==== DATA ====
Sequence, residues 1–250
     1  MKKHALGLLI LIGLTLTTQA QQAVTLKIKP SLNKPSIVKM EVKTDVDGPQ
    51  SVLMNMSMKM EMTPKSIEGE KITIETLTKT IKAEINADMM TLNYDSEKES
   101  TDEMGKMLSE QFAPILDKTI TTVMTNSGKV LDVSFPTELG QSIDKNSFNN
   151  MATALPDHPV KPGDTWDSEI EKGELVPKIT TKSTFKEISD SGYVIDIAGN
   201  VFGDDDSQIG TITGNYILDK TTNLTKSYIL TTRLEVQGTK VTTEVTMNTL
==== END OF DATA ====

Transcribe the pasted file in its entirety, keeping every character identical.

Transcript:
Sequence, residues 1–250
     1  MKKHALGLLI LIGLTLTTQA QQAVTLKIKP SLNKPSIVKM EVKTDVDGPQ
    51  SVLMNMSMKM EMTPKSIEGE KITIETLTKT IKAEINADMM TLNYDSEKES
   101  TDEMGKMLSE QFAPILDKTI TTVMTNSGKV LDVSFPTELG QSIDKNSFNN
   151  MATALPDHPV KPGDTWDSEI EKGELVPKIT TKSTFKEISD SGYVIDIAGN
   201  VFGDDDSQIG TITGNYILDK TTNLTKSYIL TTRLEVQGTK VTTEVTMNTL